Alzheimer’s disease could be detected using a simple online test.

Alzheimer’s disease patients, known to show specific memory impairment, are currently diagnosed using a range of cognitive tests as well as magnetic resonance imaging (MRI), which can pinpoint the areas of brain degeneration, a symptom of the disease.

“One of the areas know to degenerate in Alzheimer’s disease is a region called the cholinergic basal forebrain, implicated in memory and attention. It has been unclear whether loss of function in this brain area causes the cognitive changes seen early in Alzheimer’s disease,” says Associate Professor Elizabeth Coulson, who coordinated the study.

The researchers examined the cognitive changes in rodent models with basal forebrain degeneration.

“Surprisingly, the mice behaved normally on most of the cognitive tests, however, on a recall navigation task akin to ‘dead reckoning’, the mice became disorientated,” Associate Professor Coulson said.

This demonstrated that recall navigation tasks rely heavily on cholinergic neurons.

Current Alzheimer’s disease treatments act to enhance the function of these cells but drugs work only as long as the cells are healthy.

“It is already known that Alzheimer’s disease patients, and even people with memory complaints, perform poorly on both real space and computerised recall navigation tasks,” says Associate Professor Coulson.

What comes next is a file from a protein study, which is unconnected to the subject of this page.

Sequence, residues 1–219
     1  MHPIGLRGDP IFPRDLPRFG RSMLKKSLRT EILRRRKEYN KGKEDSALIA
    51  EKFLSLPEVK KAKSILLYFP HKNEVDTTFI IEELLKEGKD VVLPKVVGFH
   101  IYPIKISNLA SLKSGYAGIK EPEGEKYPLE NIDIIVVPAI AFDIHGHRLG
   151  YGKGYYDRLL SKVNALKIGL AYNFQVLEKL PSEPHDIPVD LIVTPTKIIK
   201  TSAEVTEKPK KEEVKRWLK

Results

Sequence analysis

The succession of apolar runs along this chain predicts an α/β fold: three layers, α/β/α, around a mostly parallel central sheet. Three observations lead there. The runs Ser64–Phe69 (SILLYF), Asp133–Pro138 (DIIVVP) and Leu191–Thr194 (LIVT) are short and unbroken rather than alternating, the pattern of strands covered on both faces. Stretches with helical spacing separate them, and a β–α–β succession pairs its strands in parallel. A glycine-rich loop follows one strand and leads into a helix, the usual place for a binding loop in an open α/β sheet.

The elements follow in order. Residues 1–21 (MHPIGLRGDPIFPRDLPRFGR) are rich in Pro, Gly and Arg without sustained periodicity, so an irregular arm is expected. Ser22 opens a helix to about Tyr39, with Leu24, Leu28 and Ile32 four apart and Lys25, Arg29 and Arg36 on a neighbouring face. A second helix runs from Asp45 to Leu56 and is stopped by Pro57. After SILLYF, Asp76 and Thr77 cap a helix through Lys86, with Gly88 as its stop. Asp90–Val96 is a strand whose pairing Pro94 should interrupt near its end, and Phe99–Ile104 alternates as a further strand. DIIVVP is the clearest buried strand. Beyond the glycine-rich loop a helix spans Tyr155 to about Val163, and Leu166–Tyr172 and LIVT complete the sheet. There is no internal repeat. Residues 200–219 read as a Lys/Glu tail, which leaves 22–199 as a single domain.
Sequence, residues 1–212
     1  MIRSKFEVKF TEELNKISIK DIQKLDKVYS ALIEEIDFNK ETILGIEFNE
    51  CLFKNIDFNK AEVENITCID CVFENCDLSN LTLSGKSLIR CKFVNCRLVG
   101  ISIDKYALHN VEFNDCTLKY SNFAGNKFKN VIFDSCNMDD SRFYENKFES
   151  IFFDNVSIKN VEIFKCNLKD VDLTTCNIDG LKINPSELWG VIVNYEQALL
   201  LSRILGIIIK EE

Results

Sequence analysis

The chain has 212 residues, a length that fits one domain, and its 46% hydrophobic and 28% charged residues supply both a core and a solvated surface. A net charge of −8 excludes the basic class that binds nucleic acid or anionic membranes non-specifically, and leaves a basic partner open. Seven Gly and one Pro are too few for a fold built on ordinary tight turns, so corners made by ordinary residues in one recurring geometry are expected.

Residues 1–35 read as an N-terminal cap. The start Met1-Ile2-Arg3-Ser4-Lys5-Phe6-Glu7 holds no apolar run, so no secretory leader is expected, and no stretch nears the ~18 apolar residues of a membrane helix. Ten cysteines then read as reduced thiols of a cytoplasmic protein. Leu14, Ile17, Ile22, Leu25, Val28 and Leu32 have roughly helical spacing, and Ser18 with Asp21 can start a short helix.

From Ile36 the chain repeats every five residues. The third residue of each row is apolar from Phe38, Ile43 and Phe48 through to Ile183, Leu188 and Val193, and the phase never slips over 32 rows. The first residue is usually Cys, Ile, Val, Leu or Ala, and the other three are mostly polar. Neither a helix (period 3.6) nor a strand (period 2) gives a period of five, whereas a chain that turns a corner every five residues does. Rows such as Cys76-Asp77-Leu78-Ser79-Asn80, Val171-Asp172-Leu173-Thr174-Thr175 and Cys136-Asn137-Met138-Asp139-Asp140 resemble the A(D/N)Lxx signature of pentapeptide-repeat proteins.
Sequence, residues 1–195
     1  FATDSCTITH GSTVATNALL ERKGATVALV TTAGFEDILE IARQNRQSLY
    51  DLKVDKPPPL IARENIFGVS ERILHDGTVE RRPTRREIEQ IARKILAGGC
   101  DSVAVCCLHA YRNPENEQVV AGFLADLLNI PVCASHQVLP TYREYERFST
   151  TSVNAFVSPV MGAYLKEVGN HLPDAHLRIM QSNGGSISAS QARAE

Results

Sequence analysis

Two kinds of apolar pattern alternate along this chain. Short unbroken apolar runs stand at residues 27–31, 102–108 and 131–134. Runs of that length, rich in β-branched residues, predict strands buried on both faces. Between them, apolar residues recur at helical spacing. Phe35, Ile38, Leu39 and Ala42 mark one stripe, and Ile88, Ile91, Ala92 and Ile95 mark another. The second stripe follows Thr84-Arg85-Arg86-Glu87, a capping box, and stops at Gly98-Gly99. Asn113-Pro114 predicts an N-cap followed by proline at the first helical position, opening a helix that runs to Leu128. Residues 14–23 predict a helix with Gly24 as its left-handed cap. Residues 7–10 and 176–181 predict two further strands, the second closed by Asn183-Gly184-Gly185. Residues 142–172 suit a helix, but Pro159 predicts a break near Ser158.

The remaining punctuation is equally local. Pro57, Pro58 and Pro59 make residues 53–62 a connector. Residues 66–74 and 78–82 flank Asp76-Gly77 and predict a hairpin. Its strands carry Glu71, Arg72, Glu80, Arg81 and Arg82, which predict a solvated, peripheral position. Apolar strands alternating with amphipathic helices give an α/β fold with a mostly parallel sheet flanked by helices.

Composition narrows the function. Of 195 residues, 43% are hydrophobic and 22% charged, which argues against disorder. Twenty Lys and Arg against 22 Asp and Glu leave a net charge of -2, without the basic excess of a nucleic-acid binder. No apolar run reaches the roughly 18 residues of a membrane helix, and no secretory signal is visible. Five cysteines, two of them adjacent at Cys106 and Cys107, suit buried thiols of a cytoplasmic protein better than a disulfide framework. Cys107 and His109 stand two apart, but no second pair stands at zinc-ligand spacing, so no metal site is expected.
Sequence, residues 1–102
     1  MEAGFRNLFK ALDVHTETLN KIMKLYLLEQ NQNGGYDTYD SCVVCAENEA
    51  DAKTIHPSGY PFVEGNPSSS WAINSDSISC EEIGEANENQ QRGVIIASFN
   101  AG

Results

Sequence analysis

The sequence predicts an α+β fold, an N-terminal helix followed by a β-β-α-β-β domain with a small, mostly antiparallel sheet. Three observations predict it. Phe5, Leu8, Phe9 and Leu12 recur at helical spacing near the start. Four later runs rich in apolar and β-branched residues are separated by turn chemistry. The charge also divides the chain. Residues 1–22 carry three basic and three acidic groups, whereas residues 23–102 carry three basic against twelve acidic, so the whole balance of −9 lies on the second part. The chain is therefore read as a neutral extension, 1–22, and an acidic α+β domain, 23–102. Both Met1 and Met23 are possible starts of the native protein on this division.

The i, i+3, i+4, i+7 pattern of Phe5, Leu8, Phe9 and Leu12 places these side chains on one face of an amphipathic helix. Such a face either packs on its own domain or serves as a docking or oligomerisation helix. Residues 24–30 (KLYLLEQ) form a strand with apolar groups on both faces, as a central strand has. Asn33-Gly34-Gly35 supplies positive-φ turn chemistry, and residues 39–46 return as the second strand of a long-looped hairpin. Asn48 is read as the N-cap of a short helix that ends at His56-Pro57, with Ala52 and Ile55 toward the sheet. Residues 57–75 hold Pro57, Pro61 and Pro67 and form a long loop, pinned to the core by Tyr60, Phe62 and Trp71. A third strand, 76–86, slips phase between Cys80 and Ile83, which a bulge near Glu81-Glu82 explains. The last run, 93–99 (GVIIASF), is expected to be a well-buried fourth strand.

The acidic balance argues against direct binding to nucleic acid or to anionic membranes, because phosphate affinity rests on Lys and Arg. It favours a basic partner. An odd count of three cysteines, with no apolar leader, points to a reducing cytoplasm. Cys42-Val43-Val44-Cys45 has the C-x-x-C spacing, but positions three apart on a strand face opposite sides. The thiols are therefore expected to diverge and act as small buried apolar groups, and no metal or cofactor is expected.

“The significance of our work is that by asking patients to perform these navigation tasks, doctors may be able to detect symptoms of Alzheimer’s disease much sooner and more cheaply than the MRI tests,” she said.

“We envision this test could also help to identify patients who would benefit from early administration of current Alzheimer’s disease treatments.”

The findings are currently being validated in humans by Associate Professor Coulson in collaboration with researchers from the Czech Republic, the team who developed the human recall navigation tasks.

Volunteers are asked to navigate a simple arena on a computer monitor touch screen and are, in some cases, required to have a brain MRI.

Associate Professor Coulson says the diagnostic tool could be in wide use as early as 2015.

She says that, to begin with, patients would be tested at a memory clinic but that the online nature of the examination means it could one day be undertaken at home.